But let’s start with the mice which, en masse, can be quite noisy, too.  Even if you don’t mind mice – (which I really don’t – Tom and Jerry and all that, I always rooted for Jerry) – they do scratch loudly at night.  I suppose it depends on whether you’re a light sleeper or not.  Unfortunately The Egg is, (see a previous rumination #Our Layabout 15 Year Old Teen Wretch…) – which can be particularly annoying in the dawn light when he’s scrabbling under the bed for his air rifle, moaning loudly about a mouse farting in the loft overhead.  I mean it – he can be disturbed by the merest sound that is inconsistent with sleep, and there are many, MANY of those in The Country.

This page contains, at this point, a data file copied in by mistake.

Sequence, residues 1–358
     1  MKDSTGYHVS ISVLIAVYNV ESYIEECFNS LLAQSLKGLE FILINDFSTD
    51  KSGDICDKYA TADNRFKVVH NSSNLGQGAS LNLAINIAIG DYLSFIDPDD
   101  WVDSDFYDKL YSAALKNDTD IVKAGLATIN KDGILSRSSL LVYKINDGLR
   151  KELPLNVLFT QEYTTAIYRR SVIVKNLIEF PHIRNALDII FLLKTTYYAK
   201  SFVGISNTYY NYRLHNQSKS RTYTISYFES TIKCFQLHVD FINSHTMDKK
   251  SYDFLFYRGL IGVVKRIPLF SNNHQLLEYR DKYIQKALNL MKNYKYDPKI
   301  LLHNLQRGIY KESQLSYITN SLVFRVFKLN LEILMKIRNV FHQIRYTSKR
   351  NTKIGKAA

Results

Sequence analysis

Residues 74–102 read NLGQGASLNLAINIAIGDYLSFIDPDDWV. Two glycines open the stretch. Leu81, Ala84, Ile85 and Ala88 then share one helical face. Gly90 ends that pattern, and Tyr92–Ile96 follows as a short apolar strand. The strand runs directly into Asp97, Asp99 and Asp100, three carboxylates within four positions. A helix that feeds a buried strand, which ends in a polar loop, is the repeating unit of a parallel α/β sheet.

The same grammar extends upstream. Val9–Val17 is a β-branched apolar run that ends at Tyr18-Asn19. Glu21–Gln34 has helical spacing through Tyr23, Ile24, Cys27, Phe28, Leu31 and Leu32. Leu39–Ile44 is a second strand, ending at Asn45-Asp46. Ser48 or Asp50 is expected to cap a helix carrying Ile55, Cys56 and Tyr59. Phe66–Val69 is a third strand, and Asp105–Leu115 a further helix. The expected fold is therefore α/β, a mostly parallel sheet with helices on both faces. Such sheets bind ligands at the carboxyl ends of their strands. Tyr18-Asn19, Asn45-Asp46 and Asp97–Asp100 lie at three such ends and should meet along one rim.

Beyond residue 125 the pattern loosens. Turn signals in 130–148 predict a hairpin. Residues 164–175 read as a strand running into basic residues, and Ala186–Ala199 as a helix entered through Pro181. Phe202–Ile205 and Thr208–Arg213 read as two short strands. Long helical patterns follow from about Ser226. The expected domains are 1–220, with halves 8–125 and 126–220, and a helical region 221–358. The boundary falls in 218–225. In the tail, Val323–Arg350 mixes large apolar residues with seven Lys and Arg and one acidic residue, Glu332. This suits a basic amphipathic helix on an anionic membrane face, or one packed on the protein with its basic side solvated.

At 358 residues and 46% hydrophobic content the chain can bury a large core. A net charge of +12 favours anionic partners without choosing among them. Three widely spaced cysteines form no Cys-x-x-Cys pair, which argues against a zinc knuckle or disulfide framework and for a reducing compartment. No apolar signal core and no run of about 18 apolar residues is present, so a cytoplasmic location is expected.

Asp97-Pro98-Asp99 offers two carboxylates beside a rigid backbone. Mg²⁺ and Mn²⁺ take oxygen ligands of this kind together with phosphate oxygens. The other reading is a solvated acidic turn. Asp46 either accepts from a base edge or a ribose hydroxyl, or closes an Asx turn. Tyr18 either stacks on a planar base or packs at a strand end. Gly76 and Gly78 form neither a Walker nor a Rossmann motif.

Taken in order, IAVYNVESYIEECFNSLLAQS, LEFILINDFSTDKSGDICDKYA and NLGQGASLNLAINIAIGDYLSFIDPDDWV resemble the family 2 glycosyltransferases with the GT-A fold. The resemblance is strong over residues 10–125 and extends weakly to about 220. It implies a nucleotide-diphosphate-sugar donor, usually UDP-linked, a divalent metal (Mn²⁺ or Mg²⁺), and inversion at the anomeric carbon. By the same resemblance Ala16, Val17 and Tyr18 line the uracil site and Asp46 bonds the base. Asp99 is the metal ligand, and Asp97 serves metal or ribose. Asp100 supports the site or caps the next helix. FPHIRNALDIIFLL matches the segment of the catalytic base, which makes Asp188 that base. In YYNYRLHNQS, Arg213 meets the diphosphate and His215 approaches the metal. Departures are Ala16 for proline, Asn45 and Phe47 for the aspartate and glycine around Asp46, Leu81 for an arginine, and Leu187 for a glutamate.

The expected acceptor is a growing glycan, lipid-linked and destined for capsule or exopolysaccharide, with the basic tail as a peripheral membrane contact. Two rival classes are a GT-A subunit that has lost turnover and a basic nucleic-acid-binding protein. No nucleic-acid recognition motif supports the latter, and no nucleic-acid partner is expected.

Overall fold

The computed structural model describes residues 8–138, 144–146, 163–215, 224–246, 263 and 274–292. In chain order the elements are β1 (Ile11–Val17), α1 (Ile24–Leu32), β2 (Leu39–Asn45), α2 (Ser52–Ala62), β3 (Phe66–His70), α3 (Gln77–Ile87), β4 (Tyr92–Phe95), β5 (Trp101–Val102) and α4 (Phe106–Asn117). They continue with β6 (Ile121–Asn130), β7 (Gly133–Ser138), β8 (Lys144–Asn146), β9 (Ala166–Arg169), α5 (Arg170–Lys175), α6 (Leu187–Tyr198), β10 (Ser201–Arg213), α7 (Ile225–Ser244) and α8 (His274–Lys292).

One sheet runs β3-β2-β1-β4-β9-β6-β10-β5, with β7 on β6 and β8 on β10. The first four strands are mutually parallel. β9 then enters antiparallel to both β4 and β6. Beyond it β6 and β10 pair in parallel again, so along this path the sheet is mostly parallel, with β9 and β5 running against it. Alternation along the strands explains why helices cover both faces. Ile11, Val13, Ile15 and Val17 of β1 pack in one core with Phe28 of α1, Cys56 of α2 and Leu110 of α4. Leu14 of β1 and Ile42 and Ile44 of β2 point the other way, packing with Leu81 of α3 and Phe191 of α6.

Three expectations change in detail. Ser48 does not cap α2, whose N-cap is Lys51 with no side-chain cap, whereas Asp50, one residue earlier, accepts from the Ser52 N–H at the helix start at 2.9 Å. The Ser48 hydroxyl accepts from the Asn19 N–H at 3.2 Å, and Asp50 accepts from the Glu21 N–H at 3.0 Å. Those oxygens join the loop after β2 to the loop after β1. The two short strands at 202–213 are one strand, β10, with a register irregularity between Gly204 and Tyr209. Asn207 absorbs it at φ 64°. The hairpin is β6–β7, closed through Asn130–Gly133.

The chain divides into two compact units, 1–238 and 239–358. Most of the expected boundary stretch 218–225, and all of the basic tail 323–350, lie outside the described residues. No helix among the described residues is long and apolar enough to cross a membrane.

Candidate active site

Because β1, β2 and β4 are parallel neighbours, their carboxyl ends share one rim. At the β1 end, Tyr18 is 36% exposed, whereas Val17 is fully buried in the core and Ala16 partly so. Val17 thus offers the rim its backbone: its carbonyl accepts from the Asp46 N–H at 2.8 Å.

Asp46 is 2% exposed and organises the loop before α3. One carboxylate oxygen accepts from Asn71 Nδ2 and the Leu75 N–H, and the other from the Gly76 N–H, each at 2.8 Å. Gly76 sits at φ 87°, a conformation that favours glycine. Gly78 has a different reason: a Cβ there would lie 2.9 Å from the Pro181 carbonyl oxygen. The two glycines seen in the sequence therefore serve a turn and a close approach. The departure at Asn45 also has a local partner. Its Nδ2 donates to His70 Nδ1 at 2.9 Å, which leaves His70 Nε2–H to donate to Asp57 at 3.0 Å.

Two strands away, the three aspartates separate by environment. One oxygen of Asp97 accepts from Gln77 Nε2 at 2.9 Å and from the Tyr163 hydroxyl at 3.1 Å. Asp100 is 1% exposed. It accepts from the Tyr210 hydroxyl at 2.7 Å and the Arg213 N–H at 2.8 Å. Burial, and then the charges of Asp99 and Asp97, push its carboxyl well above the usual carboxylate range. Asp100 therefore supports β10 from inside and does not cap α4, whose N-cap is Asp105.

At which point I should probably also mention rutting stags.

Which is a term I feel a bit red-faced using. It just sounds so graphically rude!  You have to be a bit on your toes explaining that one to small children.

But explain it you will need to, as the stags and bucks do it very noisily and mainly at twilight, which is roughly ‘putting small children to bed’ time, so you may get one or two ‘why?’ questions from September to November.  And boy, can that sound travel!  We live a good quarter mile across the valley from local herds of wild deer, but that noise fills the air with a deep throated grunt – ‘nature’s trombone’ which has even The Incorrigible Lab blushing, his paws clamped firmly over unusually moist eyes. He keeps his back to the wall when he hears that rampant bellow I can tell you!